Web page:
Historian, legislator and diplomat William Pember Reeves, author of the first history of New Zealand and a memorable poem about George Nepia, also played representative rugby for Canterbury as a young man.
Kim Beazley, another Rhodes Scholar and later leader of the Australian Labor Party, was part of a tradition of Australian politicians being rugby players.
The first Prime Minister of Australia, Edmund Barton, played in the centres.
Ben Chifley, famous for “light on the hill” vision, was a dashing loose forward. So too was the former deputy prime minister and leader of the Country Party, Doug Anthony.
Burly Mark Latham, elected Labor leader in 2003, was a coarse rugby fanatic and a dedicated singer of rugby songs.
Literary types, too, have been rugby players.
Poet Rupert Brooke was outstanding in the centres at Rugby School. The school magazine described his play: “Though not brilliant, usually in his place and makes good openings but tackles too high”. Other Rugby School old boys include Charles Dodson (also known as Lewis Carroll) and Salman Rushdie. Another World War I poet, Robert Graves, was a fullback for the First Battalion of the Royal Welsh Fusiliers in a match played in France during the war.
Novelist Bryce Courtenay was a small but lively winger in the then-Transvaal, where he played in a curtain-raiser before the South Africa-New Zealand Test in 1949. New Zealand playwright Bruce Mason played as a winger in the navy during the Second World War. His brother was an All Black. The 1991 film of Mason’s brilliant play, The End of the Golden Weather, featured Steve McDowell, the mobile All Blacks prop, running up and down the mythical beach at Te Parenga carrying rocks to build himself up.
Greg McGee, the author of the dramatic rugby play Foreskin’s Lament and a rangy loose forward, once had an All Blacks trial. Dan Davin, the novelist and famous expatriate New Zealander who developed the Oxford University Press, sported a broken nose – a rugby accident – all his life. Dylan Thomas and his wife Caitlin stayed with Dan and Winnie Davin at Oxford and borrowed a couple of rugby jerseys to sleep in, the light blue of Otago University for the poet, and the red and white of Balliol for his wife.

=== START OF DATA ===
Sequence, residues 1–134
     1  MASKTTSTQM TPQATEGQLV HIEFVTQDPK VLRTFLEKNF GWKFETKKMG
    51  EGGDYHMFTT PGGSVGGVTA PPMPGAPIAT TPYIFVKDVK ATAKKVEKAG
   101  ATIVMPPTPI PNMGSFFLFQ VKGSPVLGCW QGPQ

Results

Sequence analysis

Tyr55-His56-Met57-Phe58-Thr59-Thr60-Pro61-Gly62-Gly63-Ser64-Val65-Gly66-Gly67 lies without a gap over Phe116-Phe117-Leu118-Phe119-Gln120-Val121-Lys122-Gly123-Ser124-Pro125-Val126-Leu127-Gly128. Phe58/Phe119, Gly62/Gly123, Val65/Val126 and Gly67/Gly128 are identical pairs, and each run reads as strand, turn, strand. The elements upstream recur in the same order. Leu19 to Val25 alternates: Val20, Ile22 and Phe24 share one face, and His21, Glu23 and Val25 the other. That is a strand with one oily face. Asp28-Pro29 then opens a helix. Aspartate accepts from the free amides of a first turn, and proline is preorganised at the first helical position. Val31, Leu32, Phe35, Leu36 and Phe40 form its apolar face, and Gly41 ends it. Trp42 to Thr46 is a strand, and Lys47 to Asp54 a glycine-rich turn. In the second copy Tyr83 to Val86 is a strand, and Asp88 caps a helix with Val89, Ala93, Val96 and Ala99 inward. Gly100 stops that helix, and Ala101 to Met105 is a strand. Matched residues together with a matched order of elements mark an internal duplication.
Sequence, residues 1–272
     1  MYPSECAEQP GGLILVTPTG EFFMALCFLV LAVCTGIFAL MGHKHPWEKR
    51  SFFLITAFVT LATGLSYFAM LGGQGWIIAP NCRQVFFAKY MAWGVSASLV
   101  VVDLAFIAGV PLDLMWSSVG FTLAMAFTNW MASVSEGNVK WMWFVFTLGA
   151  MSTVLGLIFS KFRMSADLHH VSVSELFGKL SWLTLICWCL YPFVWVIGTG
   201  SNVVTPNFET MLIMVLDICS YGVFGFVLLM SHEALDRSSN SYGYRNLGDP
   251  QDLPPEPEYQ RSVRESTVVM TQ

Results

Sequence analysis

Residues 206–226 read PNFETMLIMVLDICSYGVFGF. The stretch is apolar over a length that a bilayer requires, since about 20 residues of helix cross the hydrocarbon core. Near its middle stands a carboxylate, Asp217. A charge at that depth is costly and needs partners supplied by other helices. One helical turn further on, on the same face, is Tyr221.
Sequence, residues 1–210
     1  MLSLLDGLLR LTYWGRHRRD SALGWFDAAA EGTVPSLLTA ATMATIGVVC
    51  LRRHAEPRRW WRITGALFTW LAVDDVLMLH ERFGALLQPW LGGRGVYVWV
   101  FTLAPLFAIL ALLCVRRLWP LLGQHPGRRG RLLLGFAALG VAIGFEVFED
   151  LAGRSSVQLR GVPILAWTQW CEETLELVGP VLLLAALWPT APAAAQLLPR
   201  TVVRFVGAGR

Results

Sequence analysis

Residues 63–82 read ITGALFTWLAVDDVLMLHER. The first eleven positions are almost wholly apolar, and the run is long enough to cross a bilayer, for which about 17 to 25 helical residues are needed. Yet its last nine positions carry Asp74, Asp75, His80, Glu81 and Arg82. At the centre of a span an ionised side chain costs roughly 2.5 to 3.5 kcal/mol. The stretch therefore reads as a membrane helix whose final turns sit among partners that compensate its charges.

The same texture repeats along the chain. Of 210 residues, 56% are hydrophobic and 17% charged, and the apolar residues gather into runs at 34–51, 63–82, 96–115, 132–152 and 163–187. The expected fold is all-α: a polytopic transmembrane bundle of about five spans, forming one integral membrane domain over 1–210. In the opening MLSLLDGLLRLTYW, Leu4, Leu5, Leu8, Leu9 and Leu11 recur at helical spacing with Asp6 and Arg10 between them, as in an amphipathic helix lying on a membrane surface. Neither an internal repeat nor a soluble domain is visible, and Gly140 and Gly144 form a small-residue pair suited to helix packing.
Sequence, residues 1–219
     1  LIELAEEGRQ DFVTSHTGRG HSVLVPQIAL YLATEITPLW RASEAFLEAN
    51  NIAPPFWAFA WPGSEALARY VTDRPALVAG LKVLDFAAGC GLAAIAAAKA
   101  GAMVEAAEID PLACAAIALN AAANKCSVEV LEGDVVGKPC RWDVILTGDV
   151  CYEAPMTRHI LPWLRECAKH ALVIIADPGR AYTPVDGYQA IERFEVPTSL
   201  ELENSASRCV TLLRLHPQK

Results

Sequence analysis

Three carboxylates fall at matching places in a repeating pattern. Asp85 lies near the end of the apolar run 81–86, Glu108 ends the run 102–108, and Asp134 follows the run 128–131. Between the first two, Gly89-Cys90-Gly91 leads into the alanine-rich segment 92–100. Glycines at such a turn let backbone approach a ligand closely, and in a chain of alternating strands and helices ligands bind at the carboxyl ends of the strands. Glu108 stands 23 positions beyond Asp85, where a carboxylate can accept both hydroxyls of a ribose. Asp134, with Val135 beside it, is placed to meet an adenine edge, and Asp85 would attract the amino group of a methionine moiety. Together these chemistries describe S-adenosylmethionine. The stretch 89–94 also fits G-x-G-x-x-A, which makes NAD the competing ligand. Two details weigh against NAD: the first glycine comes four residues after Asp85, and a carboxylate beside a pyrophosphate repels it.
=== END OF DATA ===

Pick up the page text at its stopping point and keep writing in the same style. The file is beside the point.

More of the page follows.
Novelist Maurice Gee player centre and wing as a young man for Auckland. His first novel, The Big Season, published in 1962, concerns the repercussions of a murder in a small New Zealand country town, where the residents are more obsessed with the fortunes of its rugby team than the crime that’s taken place in their midst. Gee described his love of rugby this way: “I like to watch rugby as a spectacle. I know this sounds pretentious, but there is something almost beautiful in rugby when it’s played properly. You can see the patterns and the movements and you almost appreciate it aesthetically.”
Sir Arthur Conan Doyle gave his famous detective Sherlock Holmes “the case of the missing three-quarter” to solve. The character of the dashing and missing centre was based on the career of RW Poulton-Palmer. Heir to a biscuit-manufacturing empire and arguably England’s greatest back, Poulton-Palmer captained England in the 1914 international between England and Scotland, won by England 16-15. This was the last international played in the northern hemisphere before the outbreak of the First World War, in which Poulton-Palmer, several of the forwards and most of the backs in the England team lost their lives.
Rugby has also attracted some notable thespians.
Donald McIntyre, the world’s first-choice Wagnerian bass-baritone in his era, was a tigerish number eight in the Mount Grammar First XV. Boris Karloff, when not terrifying youngsters in horror movies, was the secretary of the southern California Rugby Union. Gerald Depardieu, the broken-nosed French film star with the build of front-row forward, is passionate about rugby. In the film The Closet, a comedy about a worker who tries to save his job by claiming to be gay, Depardieu comments: “How can we defeat the All Blacks and the Springboks when they have the Super 12?”